Donald G. FELLNER, Plaintiff-Appellant, v. Masaharu MORIMOTO, Defendant-Respondent.
Order, Supreme Court, New York County (Herman Cahn, J.), entered June 14, 2007, which, insofar as appealed from as limited by the briefs, denied plaintiff's motion for leave to amend the complaint to (1) add Morimoto, Inc. as an additional defendant; (2) add a cause of action directing defendant to render a full accounting of the business affairs and transactions of Moridon Group, LLC (Moridon); (3) add a cause of action for waste on behalf of plaintiff and Moridon; and (4) impose a constructive trust on the assets of defendant and proposed additional defendant Morimoto, Inc., unanimously reversed, on the law, without costs, and the motion granted.
We reject defendant's contention that no appeal lies from the subject order since the denial of plaintiff's motion seeking, inter alia, leave to amend his complaint is appealable as it “affects a substantial right” (CPLR 5701[a][v] ). Nor does the court's order constitute, as defendant suggests, an advisory opinion. Although plaintiff could have sought leave to renew its motion once the decision on the subsequent summary judgment motions was rendered, this does not lead to the conclusion that the order appealed from did not determine the rights of the parties and was one from which there was no right to appeal.
The motion court erred in denying plaintiff leave to amend the complaint (see CPLR 3025[b] ). There was no undue delay in bringing the motion, and the claims sought to be added arise out of the same facts as those underlying the original complaint (see Brown v. 3392 Bar Corp., 2 A.D.3d 324, 768 N.Y.S.2d 609  ). The original complaint alleges that defendant improperly usurped certain business opportunities and profits rightfully belonging to Moridon, the entity formed by plaintiff and defendant to carry out their business partnership. The proposed claims for waste and for a constructive trust similarly allege that such diversions, in violation of defendant's fiduciary duties, constitute waste and entitle plaintiff to the imposition of a constructive trust on the improperly diverted funds. Moreover, Morimoto, Inc. is wholly-owned by defendant, and accordingly, defendant would not be unduly prejudiced or surprised by its addition as a defendant (see id. at 325, 768 N.Y.S.2d 609; Donovan v. All-Weld Prods. Corp., 34 A.D.3d 257, 824 N.Y.S.2d 44  ).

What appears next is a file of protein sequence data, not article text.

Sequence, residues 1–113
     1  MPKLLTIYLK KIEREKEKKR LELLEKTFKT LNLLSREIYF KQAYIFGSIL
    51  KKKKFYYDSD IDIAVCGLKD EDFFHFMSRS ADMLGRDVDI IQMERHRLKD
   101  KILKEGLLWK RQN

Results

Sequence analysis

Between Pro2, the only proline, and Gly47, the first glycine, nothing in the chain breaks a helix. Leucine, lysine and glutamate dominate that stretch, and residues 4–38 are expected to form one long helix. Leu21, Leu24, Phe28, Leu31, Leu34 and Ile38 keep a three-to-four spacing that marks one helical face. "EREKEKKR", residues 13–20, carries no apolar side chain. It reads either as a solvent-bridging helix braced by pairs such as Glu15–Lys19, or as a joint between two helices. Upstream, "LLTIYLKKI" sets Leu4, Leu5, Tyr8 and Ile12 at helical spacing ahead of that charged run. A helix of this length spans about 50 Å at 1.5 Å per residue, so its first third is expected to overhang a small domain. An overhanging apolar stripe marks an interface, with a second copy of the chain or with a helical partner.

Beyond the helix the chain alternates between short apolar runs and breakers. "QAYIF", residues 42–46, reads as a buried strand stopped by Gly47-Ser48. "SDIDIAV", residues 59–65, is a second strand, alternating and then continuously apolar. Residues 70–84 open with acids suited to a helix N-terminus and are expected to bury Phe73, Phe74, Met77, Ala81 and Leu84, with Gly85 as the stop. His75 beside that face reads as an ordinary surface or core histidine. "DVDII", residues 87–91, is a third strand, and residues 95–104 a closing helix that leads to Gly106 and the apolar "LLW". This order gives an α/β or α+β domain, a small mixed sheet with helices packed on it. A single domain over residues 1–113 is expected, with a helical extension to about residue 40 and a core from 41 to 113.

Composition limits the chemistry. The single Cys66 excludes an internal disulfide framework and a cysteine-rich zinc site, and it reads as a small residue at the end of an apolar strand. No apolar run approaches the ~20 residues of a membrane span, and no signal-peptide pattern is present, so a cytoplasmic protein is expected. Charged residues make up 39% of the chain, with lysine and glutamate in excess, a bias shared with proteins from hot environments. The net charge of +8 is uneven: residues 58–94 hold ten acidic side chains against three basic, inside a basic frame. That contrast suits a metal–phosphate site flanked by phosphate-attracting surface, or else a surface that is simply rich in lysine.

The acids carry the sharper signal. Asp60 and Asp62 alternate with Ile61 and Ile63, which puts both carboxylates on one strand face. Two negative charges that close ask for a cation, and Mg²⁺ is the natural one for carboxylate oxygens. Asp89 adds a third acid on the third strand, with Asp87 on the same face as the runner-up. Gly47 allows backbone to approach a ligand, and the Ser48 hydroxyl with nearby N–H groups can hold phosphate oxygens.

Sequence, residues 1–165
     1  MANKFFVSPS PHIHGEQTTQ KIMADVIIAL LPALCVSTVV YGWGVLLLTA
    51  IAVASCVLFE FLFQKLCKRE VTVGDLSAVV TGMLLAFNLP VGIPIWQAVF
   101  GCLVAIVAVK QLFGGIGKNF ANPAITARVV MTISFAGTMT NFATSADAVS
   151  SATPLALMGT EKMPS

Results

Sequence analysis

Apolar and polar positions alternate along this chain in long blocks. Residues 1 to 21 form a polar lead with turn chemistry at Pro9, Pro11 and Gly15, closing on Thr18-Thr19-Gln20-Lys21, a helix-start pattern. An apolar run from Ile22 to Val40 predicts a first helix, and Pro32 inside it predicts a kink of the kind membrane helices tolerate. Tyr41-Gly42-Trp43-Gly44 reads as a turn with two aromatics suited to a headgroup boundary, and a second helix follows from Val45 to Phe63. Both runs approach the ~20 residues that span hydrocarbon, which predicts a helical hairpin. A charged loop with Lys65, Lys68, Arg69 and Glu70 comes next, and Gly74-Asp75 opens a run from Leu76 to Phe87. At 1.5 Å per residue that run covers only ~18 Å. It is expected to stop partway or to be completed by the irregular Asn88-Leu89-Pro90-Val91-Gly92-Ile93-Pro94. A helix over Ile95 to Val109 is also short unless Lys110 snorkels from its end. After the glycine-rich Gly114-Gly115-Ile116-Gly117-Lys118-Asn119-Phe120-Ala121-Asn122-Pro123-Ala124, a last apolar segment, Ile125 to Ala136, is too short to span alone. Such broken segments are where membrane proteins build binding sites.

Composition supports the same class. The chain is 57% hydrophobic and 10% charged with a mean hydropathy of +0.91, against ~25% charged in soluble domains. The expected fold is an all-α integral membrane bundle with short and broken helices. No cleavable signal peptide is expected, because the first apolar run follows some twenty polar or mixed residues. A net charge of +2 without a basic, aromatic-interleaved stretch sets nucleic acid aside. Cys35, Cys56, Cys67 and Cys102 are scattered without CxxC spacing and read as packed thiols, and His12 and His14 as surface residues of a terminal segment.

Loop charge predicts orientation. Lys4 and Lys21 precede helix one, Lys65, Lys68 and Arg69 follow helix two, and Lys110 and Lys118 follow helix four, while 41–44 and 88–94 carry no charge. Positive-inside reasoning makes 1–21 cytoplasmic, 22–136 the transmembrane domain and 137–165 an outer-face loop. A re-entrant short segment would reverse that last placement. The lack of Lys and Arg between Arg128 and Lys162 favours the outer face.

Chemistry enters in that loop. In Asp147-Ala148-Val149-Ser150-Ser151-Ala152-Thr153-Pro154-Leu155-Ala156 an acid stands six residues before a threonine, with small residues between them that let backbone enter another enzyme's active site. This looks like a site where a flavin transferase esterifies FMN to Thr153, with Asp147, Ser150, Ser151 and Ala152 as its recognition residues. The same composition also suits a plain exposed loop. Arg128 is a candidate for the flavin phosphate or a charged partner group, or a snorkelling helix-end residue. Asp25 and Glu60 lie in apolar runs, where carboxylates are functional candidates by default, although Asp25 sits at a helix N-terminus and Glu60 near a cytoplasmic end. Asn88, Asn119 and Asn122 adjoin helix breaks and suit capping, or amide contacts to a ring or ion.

The proposed claims are also not devoid of merit. Regarding the cause of action for the imposition of a constructive trust, plaintiff sufficiently alleges that certain profits and business opportunities rightfully belonging to Moridon and its members were improperly diverted to defendant and Morimoto, Inc., without consideration, thereby unjustly enriching defendant and Morimoto, Inc., an entity in which plaintiff has no interest (see Schneidman v. Tollman, 190 A.D.2d 524, 593 N.Y.S.2d 23  ). As for the cause of action for waste, although such a claim is usually asserted as a derivative one on behalf of the company, “where a wrongdoer has breached an obligation to a shareholder which is independent of any duty owing to the corporation, the shareholder has an individual cause of action” (Matter of Rudey v. Landmarks Preserv. Commn. of City of N.Y., 137 A.D.2d 238, 244, 529 N.Y.S.2d 744  ), and here, plaintiff has adequately alleged a cause of action for waste both on his and Moridon's behalf.
We have considered defendant's other arguments and find them unavailing.